Russian Journal of Applied Chemistry, 2013, Vol. 86, No. 7, pp. 1118−1140.
Pleiades Publishing, Ltd., 2013.
Original Russian Text
V. Zakoshansky, 2013, published in Khimicheskaya Promyshlennost’, 2013, Vol. 90, No. 4, pp. 159−184.
TECHNOLOGY OF ORGANIC
AND INORGANIC CHEMISTRY
Actual Performance of Key Stages of the Phenol Process:
Present State and Expected Future
4756 Doncaster Court, Long Grove, IL 60047-6929, USA
Received May 12, 2013
Abstract—This article presents an analysis of the actual results of operating the phenol processes licensed by such
companies as ILLA
International (U.S. and Russia, hereinafter collectively referred to as “ILLA”), KBR (U.S.),
, Polimeri Europa/Lummus (Italy/U.S.), and UOP (U.S.) (listed alphabetically) and by the world’s
largest phenol and acetone producer INEOS (U.K.). This analysis may be useful for phenol/acetone producers as
well as for licensees who engage in an evaluation of technical and commercial bids for a grassroots phenol project.
The following abbreviations of chemical
compound names are used throughout this article:
CHP Cumene Hydroperoxide
DMBA Dimethyl Benzyl Alcohol
DCP Dicumyl Peroxide
2-MBF 2-Methyl Benzofuran
MO Mesityl Oxide
Introduction. Chemical manufacturing companies
who decide to obtain their ﬁ rst license for a phenol
process, typically select a process on the basis of several
factors. These may include technical and commercial
bids that they receive from licensors, their visits to the
licensors’ reference units, or information gleaned from
their meetings and correspondence with licensors. While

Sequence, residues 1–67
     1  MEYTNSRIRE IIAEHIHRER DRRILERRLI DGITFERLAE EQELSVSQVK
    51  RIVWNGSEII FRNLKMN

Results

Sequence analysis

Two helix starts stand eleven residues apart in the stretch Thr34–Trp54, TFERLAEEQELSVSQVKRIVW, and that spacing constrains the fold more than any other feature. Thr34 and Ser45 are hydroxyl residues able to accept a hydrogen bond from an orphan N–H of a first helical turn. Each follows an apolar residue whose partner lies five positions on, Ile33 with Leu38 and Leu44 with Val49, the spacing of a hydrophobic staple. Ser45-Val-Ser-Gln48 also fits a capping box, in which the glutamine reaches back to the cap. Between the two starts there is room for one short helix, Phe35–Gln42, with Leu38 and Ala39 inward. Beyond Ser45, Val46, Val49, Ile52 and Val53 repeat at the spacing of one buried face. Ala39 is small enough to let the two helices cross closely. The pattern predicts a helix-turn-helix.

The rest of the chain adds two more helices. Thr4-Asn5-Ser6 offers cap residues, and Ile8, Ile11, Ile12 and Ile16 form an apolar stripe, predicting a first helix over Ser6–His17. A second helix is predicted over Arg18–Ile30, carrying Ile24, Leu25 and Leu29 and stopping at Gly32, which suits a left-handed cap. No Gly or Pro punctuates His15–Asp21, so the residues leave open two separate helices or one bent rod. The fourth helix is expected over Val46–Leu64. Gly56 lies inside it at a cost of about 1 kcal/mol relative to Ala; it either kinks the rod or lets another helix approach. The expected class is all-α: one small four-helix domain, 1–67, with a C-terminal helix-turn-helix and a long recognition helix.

these are necessary steps, these factors alone are an insuf-
ﬁ cient basis from which to choose the best technologies
or phenol process. In search of an objective answer to the
question, “Which technologies and which phenol process
are the best ones overall?”, the author relied not on data
found in the licensors’ bid proposals or their presentations
at phenol conferences (which as a rule are not very true
to life and are of a distinctly self-promoting nature), but
rather on data from the detailed studies of many commer-
cial facilities operating technologies of all the licensors
mentioned above. In addition, the data from these studies
were rechecked at the experimental facilities of ILLA
so as to exclude any process disturbance and in order to
determine the optimum performance values of the tech-
nologies under ideal conditions and compare them to the
performance values of existing commercial technologies,
taking into consideration that such disturbances should
not be put aside or ignored in assessing the technologies.
Furthermore, the author, who knows the details of all of
the existing technologies , relies on his vision of the
phenol process and its constituent technologies both in
the context of current realities and for the next 5 to 10
years, as if he were building a phenol plant of his own. In
other words, what are the speciﬁ c reasons that the author
rejects a particular competitor’s (licensor’s) technology
when building a phenol plant of his own?
Choosing the Best Conventional Phenol Process.
Ultimately, the choice should be based on the perform-
ance values of all the constituent technologies, but the
key roles are reasonably assigned to cumene oxidation
and CHP cleavage technologies (considering process
Mitsui has recently entered the licensing market and sold a license
in Singapore and in China.